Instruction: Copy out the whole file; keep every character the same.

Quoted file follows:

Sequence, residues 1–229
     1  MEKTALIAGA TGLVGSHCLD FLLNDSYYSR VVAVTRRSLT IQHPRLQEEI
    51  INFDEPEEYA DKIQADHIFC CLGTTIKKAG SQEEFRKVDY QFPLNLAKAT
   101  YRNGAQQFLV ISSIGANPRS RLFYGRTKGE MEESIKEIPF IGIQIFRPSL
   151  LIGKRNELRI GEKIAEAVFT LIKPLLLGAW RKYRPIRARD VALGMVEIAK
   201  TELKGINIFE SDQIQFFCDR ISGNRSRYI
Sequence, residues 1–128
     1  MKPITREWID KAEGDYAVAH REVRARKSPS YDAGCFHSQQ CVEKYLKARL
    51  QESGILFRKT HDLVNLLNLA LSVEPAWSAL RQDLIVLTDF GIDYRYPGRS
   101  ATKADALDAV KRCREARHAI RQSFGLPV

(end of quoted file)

Sequence, residues 1–229
     1  MEKTALIAGA TGLVGSHCLD FLLNDSYYSR VVAVTRRSLT IQHPRLQEEI
    51  INFDEPEEYA DKIQADHIFC CLGTTIKKAG SQEEFRKVDY QFPLNLAKAT
   101  YRNGAQQFLV ISSIGANPRS RLFYGRTKGE MEESIKEIPF IGIQIFRPSL
   151  LIGKRNELRI GEKIAEAVFT LIKPLLLGAW RKYRPIRARD VALGMVEIAK
   201  TELKGINIFE SDQIQFFCDR ISGNRSRYI
Sequence, residues 1–128
     1  MKPITREWID KAEGDYAVAH REVRARKSPS YDAGCFHSQQ CVEKYLKARL
    51  QESGILFRKT HDLVNLLNLA LSVEPAWSAL RQDLIVLTDF GIDYRYPGRS
   101  ATKADALDAV KRCREARHAI RQSFGLPV